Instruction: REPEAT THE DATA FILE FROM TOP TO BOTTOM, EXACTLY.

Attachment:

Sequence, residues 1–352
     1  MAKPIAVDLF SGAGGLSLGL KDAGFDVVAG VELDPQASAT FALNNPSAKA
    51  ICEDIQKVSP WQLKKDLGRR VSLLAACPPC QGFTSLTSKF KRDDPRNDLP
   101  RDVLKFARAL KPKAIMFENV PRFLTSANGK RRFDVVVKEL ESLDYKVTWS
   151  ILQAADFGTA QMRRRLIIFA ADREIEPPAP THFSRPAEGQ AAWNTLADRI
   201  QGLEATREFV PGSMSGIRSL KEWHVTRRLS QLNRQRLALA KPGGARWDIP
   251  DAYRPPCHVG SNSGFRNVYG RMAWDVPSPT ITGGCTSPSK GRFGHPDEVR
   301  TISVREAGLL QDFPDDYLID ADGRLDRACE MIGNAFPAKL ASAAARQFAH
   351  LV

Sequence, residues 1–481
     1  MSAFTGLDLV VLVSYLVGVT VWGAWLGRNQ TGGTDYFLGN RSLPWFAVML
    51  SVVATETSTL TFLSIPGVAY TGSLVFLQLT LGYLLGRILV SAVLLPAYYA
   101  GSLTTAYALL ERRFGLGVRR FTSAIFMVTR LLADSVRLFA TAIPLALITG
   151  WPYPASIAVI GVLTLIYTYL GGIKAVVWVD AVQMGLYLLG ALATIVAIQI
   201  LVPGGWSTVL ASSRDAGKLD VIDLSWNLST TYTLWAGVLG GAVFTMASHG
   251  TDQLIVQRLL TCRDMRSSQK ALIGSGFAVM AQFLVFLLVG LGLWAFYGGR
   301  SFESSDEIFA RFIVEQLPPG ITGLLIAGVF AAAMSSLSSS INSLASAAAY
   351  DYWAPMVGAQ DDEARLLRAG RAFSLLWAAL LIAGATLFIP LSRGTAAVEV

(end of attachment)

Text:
Sequence, residues 1–352
     1  MAKPIAVDLF SGAGGLSLGL KDAGFDVVAG VELDPQASAT FALNNPSAKA
    51  ICEDIQKVSP WQLKKDLGRR VSLLAACPPC QGFTSLTSKF KRDDPRNDLP
   101  RDVLKFARAL KPKAIMFENV PRFLTSANGK RRFDVVVKEL ESLDYKVTWS
   151  ILQAADFGTA QMRRRLIIFA ADREIEPPAP THFSRPAEGQ AAWNTLADRI
   201  QGLEATREFV PGSMSGIRSL KEWHVTRRLS QLNRQRLALA KPGGARWDIP
   251  DAYRPPCHVG SNSGFRNVYG RMAWDVPSPT ITGGCTSPSK GRFGHPDEVR
   301  TISVREAGLL QDFPDDYLID ADGRLDRACE MIGNAFPAKL ASAAARQFAH
   351  LV

Sequence, residues 1–481
     1  MSAFTGLDLV VLVSYLVGVT VWGAWLGRNQ TGGTDYFLGN RSLPWFAVML
    51  SVVATETSTL TFLSIPGVAY TGSLVFLQLT LGYLLGRILV SAVLLPAYYA
   101  GSLTTAYALL ERRFGLGVRR FTSAIFMVTR LLADSVRLFA TAIPLALITG
   151  WPYPASIAVI GVLTLIYTYL GGIKAVVWVD AVQMGLYLLG ALATIVAIQI
   201  LVPGGWSTVL ASSRDAGKLD VIDLSWNLST TYTLWAGVLG GAVFTMASHG
   251  TDQLIVQRLL TCRDMRSSQK ALIGSGFAVM AQFLVFLLVG LGLWAFYGGR
   301  SFESSDEIFA RFIVEQLPPG ITGLLIAGVF AAAMSSLSSS INSLASAAAY
   351  DYWAPMVGAQ DDEARLLRAG RAFSLLWAAL LIAGATLFIP LSRGTAAVEV